Trottoirs throng’d, vehicles, Broadway, the women, the shops and
A million people--manners free and superb--open voices--
hospitality--the most courageous and friendly young men,
City of hurried and sparkling waters! city of spires and masts!
City nested in bays! my city!
So writes Walt Whitman in his paean to New York City, describing the raw energy, the bustle, the contrasts of the place he called by the bold
“aboriginal” name, Mannahatta. And much of that energy and contrast is captured in a small but exceptional exhibit of American prints entitled Urban
Impressions New York City from 1900-1940 at the Bowdoin College Museum of Art. The eighteen lithographs, etchings, acquatints, and linoleum cuts in the show chronicle the early 20th century as New York survived World War I and the Great Depression, while all the while propelling itself forward into the uncharted waters of modern industry, art, and culture.
Among the artists featured are John Sloan, charter member of the Ashcan School of American Realism; Hale Woodruff, the noted African-American
painter and muralist; Reginald Marsh, master of the slice-of-life genre style; Childe Hassam with his Impressionistic leanings; John Marin and Milton Avery, with their embrace
of abstraction; Joseph Pennell, influenced by Whistler; Isabel Bishop, a member of the Fourteenth Street School; illustrator Clare Leighton, and Martin Lewis, Australian born
printmaker of the Great Depression. While their styles and choice of printmaking media differed, they shared a sense of awe at myriad of images and inspiration which
America’s largest city offered.
Student curator Sarah Freshnock has carefully selected the works which fall into three thematic groups: cheerful scenes of the city’s
throngs – crowds going about their daily routines; darker scenes of the sufferings caused by the Great Depression and the seamier side of city life; and non-figurative
compositions in which Manahatta’s towering skyscrapers and colorful crowded cityscapes become the central characters.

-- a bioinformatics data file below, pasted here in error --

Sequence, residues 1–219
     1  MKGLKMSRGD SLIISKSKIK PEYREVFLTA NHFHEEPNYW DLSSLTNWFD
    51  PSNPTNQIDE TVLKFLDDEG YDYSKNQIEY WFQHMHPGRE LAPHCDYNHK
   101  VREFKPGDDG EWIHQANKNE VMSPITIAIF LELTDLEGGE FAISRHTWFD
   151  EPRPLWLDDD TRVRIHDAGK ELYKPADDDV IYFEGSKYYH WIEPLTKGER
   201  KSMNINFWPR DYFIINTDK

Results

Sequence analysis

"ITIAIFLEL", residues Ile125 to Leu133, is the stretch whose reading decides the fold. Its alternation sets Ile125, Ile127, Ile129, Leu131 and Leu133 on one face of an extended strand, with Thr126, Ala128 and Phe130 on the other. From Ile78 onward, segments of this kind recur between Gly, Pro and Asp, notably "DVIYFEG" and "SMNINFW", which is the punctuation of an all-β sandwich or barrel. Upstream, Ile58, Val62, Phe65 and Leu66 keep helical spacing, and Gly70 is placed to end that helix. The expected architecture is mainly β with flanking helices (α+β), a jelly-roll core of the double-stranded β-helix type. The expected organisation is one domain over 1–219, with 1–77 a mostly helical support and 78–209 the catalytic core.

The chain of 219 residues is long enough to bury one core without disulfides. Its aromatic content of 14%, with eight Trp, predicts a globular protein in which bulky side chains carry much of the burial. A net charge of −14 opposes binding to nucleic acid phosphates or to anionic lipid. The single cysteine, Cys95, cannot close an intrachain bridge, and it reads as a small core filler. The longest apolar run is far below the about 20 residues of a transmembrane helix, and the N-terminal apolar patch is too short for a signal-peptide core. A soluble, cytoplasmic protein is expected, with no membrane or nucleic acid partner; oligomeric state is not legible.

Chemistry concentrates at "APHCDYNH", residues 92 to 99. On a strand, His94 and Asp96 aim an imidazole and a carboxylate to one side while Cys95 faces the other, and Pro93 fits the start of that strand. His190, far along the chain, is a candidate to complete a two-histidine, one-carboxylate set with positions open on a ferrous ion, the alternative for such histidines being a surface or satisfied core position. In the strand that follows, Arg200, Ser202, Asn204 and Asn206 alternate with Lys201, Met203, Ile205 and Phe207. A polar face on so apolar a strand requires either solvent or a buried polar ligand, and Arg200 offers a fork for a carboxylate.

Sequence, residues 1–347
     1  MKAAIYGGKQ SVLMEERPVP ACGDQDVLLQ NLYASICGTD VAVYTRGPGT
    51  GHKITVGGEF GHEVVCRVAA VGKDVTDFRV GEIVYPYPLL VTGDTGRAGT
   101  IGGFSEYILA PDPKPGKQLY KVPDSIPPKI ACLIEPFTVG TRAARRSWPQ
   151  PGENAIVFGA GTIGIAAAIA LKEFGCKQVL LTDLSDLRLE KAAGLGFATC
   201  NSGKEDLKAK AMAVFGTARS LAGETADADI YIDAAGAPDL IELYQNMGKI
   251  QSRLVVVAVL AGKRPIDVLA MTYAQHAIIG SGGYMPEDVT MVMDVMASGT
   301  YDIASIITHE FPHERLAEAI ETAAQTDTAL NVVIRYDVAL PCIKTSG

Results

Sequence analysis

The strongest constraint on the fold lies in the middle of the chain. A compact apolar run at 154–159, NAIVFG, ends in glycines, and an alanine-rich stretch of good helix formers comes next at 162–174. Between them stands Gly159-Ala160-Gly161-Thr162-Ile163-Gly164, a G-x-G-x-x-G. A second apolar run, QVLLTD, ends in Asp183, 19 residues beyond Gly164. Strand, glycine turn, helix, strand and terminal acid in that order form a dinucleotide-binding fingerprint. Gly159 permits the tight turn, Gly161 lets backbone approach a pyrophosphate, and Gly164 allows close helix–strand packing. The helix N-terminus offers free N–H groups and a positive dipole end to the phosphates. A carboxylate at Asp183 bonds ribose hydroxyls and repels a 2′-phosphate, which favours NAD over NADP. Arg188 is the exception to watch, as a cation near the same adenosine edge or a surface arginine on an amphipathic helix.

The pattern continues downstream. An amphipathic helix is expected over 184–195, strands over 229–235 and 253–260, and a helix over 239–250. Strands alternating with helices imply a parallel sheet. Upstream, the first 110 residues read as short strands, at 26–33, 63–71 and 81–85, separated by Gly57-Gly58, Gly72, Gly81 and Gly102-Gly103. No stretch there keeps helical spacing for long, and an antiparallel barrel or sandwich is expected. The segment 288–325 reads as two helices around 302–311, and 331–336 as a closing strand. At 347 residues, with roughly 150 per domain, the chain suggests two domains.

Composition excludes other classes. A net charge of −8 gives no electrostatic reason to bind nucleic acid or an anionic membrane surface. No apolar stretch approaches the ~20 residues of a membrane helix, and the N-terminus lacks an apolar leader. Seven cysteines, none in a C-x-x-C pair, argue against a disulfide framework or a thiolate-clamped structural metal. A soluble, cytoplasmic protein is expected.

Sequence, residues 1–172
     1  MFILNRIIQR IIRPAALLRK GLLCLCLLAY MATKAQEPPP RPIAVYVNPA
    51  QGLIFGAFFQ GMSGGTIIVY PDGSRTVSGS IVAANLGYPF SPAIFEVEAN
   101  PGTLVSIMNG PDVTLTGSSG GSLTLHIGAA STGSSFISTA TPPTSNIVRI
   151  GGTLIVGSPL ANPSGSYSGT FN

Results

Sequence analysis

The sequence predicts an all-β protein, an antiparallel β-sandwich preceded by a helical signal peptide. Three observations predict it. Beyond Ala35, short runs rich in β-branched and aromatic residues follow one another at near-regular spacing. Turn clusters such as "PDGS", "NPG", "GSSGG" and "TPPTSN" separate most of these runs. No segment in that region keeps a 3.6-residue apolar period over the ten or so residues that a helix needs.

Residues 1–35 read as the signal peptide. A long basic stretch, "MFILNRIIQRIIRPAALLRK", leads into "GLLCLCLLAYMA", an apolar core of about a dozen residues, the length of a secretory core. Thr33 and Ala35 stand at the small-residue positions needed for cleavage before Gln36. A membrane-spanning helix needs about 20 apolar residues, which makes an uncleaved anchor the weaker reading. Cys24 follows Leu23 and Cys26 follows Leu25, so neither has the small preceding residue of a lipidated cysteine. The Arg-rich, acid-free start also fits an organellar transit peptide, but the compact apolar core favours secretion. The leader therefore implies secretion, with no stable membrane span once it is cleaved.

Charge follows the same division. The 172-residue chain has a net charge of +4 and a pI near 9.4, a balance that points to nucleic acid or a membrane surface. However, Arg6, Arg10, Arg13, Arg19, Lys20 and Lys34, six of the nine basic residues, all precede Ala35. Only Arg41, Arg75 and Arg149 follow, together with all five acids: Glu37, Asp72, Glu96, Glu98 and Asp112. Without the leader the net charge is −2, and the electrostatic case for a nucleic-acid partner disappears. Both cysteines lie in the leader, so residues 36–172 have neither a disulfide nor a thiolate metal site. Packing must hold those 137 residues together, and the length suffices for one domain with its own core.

Among the most striking images of New Yorkers are the prints by John Sloan and Reginald Marsh. The interesting cross-section of
Sloan’s work gives shape to the artist’s description of his mission to depict “the drab, shabby, happy, and human life.” The 1908 lithograph, Amateur Lithographers, is a riot of kinetic line,
endowing the two male artists with a muscular power and raw vitality. A similar view of working class women, the etching Return from Toil, shows a dense crowd of shop girls making their way
through rush hour streets.
Or there is his 1928 etching Fourteenth Street which captures the vibrant diversity of the crowds- against a backdrop of trollies and
theatre marqees. Or there are two views of Washington Square from 1923 in which a man and two women sit on a bench while a
shoeshine boy polishes one woman’s shoes. Both are lithographs, though one is shrouded in shadow – night and day views of the
scene, demonstrating Sloan’s affinity for dramatic chiaroscuro. His 1926 Easter Eve Washington Square poses three flappers like the
Three Graces framed by the Village arch; they are smartly dressed, carrying lilies, and there is an uncharacteristic air (for Sloan) of gaiety about them.
For while the majority of Sloan’s prints and paintings have an air of seriousness, cheeriness and mirth often mark the work of Reginald
Marsh. The Marsh prints in this exhibition speak to the artist’s sense of humor and his ironic observation of humankind, as well as
his delight in figurative scenes that bustle with activity. His 1929 lithograph Penn Station depicts the underground platforms with
commuters dashing in every direction. The subjects come from every walk of life from well-dressed businessmen to scruffy
newsboys to fashionable ladies, each encapsulating his/her own world and story. Similarly, Smokehounds recreates the seedy world
of the Bowery with the Third Avenue El looming overhead and a sign reading All Night Mission in the background. The central triad